THE first dog to test positive for coronavirus in the US has died.
Buddy, the seven-year-old German shepherd from New York, passed away after a three-month illness, according to the National Geographic report.
The US Department of Agriculture confirmed Buddy was the first dog to test positive for the disease in the US on June 2.
It is unclear whether Buddy died from coronavirus, which he may have contracted from his owner, Robert Mahoney, who tested positive for the disease in the spring, or if it was from lymphoma.
Two veterinarians who were not part of his treatment, but who reviewed Buddy’s medical records for National Geographic, told the media that the dog probably had cancer.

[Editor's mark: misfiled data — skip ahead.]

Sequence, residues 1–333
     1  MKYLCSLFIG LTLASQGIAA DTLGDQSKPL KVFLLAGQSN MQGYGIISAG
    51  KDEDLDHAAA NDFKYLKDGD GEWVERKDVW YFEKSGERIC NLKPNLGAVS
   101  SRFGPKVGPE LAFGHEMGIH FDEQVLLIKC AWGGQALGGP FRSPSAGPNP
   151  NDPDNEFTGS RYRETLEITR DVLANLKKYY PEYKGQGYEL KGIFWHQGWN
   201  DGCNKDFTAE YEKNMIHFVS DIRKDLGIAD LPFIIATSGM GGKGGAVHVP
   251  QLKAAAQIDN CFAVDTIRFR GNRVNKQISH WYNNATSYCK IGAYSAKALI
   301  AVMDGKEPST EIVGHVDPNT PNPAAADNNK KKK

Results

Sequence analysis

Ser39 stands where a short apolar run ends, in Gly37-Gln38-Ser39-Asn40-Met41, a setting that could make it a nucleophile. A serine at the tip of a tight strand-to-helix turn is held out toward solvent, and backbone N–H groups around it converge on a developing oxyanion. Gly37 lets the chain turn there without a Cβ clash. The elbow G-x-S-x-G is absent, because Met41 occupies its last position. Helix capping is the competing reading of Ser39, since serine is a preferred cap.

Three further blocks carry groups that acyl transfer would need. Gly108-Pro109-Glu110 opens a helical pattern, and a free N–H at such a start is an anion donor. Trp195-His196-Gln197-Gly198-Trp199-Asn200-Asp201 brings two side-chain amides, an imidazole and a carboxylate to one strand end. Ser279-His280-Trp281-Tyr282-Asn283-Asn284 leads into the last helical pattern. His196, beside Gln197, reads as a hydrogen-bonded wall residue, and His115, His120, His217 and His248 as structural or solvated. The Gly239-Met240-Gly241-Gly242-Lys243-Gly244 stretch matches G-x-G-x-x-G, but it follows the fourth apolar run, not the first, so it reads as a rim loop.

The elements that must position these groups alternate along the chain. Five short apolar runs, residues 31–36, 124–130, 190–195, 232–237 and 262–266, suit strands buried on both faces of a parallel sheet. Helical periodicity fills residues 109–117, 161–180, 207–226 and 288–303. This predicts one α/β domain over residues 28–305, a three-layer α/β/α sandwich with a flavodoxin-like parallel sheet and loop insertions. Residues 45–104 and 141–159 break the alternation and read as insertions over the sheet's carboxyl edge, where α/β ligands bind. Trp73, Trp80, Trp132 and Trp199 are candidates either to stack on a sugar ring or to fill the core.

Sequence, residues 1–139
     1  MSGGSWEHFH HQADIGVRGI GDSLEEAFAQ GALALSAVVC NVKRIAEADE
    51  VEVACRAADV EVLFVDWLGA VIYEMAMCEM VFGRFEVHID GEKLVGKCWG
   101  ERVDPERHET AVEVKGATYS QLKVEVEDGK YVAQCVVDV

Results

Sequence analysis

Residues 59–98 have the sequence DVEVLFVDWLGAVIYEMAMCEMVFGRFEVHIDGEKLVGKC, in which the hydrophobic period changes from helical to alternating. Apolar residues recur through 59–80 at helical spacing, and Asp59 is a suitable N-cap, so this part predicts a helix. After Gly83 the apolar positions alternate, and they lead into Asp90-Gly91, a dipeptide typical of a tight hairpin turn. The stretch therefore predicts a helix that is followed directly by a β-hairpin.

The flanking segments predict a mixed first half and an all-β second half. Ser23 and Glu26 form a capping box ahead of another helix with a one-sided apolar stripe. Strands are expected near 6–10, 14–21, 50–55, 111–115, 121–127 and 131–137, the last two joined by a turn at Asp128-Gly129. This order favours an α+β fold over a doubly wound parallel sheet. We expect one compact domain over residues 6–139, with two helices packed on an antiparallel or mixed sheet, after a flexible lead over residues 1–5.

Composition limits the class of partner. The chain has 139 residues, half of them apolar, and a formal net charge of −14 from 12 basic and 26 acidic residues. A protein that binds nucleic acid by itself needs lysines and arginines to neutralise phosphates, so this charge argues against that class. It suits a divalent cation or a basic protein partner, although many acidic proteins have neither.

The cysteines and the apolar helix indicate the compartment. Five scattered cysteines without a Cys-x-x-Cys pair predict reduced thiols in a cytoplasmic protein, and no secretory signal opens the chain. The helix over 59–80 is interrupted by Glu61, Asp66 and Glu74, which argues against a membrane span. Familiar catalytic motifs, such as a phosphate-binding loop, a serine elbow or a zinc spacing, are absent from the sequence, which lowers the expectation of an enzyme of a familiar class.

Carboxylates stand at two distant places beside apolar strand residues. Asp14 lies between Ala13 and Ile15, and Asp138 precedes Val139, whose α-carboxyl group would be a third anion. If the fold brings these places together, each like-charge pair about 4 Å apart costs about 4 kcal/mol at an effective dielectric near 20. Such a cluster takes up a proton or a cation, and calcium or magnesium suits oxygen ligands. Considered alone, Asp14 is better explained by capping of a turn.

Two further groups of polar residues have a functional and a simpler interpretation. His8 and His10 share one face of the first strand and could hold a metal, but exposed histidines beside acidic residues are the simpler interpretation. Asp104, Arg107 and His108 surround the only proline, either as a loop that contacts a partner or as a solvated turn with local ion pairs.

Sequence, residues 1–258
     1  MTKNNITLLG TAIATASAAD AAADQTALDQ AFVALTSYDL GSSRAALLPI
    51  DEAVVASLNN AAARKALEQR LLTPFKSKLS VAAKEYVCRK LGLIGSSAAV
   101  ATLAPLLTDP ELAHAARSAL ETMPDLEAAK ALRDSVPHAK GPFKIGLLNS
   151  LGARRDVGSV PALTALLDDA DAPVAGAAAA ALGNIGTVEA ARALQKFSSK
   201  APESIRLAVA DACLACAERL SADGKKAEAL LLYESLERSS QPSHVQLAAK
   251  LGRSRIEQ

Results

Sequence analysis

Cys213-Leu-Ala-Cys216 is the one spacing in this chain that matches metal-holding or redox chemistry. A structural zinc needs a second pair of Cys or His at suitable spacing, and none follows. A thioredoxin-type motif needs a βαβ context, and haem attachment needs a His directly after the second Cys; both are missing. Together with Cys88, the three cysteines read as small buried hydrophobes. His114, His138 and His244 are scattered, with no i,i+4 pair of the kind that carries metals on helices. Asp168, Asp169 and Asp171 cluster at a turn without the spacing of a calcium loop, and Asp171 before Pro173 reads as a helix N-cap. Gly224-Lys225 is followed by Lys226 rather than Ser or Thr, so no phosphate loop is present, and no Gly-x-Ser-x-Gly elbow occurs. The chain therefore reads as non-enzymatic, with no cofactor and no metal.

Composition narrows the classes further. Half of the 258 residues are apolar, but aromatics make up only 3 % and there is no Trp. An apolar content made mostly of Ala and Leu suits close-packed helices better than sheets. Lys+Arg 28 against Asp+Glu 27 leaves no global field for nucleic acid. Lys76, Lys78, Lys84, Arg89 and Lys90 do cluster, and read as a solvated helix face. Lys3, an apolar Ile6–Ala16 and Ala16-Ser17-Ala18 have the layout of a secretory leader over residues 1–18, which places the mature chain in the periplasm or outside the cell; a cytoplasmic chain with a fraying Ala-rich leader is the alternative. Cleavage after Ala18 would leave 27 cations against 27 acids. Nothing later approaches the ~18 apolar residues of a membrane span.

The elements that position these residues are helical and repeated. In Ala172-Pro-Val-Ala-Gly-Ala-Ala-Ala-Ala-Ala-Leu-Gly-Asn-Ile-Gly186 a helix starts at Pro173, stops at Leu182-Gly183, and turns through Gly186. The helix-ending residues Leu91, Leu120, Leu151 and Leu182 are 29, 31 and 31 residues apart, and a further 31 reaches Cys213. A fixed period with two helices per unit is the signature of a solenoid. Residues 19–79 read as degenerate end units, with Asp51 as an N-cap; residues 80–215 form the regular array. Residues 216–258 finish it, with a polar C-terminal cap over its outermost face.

The dog ((German shepherd), commonly used as police dogs came down with illness in April but it wasn’t until mid-May that a veterinary officer confirmed Buddy had coronavirus.
“You tell people that your dog was positive, and they look at you (as if you have) ten heads,” owner and Robert Mahoney’s wife, Allison said.
A USDA report at the time read, “Samples from the dog were taken after it showed signs of respiratory illness. The dog is expected to make a full recovery.”
However, Buddy failed to make a full recovery and he had to be put down due to becoming so ill.
Buddy’s death comes after the UK’s Chief Veterinary Officer, Christine Middlemiss confirmed a cat in the UK had contracted coronavirus.
The infection was confirmed following tests at the Animal and Plant Health Agency (APHA) laboratory in Weybridge on Wednesday.
The advice from Public Health England (PHE) is for people to wash their hands regularly, including before and after contact with animals.
According to Middlemiss,“this is a very rare event with infected animals detected to date only showing mild clinical signs and recovering within in a few days.”